Most PC enthusiasts are excited about the possibilities of AMD's upcoming Zen processor family. AMD is promising to "drive competitive performance" with Zen, with 40 per cent greater instruction-per-clock-cycle throughput via the use of simultaneous hyperthreading. That's with the first generation Zen cores, developed under the watchful eye of legendary CPU architect Jim Keller. While we wait for more official information such as slides and charts it is interesting to see what can be learned from the incidental morsels, such as this preliminary Zen block diagram devised from an AMD software patch.
3DCenter.org has published an AMD Zen block diagram "with little speculation". The diagram was drawn up from a software patch published by an AMD Technical Staff member called Venkataramanan Kumar. The software patch, which "enables -march=znver1 (AMD family 17h Zen processor)," apparently contained enough information to allow someone, with a certain amount of processor design knowledge, to draft a block diagram.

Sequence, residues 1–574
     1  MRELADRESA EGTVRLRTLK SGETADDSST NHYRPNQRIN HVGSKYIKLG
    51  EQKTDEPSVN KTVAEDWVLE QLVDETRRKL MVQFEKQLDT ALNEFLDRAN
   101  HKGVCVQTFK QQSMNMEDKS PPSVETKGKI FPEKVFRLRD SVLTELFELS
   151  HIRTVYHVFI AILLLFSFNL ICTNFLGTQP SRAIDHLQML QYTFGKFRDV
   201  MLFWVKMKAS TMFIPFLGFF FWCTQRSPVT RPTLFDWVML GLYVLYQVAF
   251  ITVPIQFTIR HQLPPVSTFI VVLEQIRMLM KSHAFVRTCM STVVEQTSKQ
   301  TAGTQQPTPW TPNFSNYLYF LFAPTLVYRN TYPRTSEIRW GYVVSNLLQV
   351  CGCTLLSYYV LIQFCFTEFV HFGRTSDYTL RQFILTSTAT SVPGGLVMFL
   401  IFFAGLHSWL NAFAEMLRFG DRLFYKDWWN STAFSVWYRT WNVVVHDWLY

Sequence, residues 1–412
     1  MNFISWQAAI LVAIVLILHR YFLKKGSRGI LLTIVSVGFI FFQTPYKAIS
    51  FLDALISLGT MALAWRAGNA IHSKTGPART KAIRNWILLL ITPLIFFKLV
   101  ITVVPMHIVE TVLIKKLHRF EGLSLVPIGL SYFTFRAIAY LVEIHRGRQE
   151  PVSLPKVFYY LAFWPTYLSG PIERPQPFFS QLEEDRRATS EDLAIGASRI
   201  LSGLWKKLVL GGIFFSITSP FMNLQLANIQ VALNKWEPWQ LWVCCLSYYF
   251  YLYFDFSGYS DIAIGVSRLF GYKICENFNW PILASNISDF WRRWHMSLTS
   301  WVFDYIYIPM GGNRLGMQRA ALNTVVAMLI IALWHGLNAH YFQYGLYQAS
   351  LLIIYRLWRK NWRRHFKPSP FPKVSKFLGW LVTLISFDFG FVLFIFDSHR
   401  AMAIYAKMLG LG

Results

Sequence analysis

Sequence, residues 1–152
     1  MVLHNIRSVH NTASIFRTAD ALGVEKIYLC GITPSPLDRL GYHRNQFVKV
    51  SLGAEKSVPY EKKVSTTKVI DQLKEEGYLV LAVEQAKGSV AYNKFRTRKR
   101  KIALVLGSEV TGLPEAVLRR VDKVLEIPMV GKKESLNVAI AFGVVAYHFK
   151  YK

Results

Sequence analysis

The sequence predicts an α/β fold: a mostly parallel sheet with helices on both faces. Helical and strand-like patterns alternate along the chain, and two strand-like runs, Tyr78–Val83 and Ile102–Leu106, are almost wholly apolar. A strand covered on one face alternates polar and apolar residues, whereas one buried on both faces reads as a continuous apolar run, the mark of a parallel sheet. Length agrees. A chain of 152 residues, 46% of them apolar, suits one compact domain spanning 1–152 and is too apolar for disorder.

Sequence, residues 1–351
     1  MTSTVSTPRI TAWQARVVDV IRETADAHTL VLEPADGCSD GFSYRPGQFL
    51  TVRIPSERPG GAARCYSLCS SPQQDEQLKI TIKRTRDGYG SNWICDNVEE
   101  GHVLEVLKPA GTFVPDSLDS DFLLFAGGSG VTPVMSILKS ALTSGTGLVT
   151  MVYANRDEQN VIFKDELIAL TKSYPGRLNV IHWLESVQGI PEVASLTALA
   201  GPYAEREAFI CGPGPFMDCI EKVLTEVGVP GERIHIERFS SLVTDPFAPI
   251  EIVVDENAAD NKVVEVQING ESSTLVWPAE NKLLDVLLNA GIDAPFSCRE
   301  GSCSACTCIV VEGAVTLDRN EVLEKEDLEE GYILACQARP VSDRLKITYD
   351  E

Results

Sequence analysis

The preliminary block diagram, above, shows that AMD's first generation Zen processors will have; four instruction decoders, four Integer units (ALUs), two address units (AGUs) and four floating-point units (FP) at 128 bit wide. Compared to Bulldozer and Steamroller, Zen will have double the execution units and quadruple floating point units. SMT, similar to Intel Hyperthreading, will be enabled by Zen. The cache sizes are speculation, just to complete the diagram. Further speculation is that the clock speeds that Zen will run at will be between 3.5 to 4.0GHz – even though it will be manufactured at 14 or 16nm.
3DCenter processor architecture comparison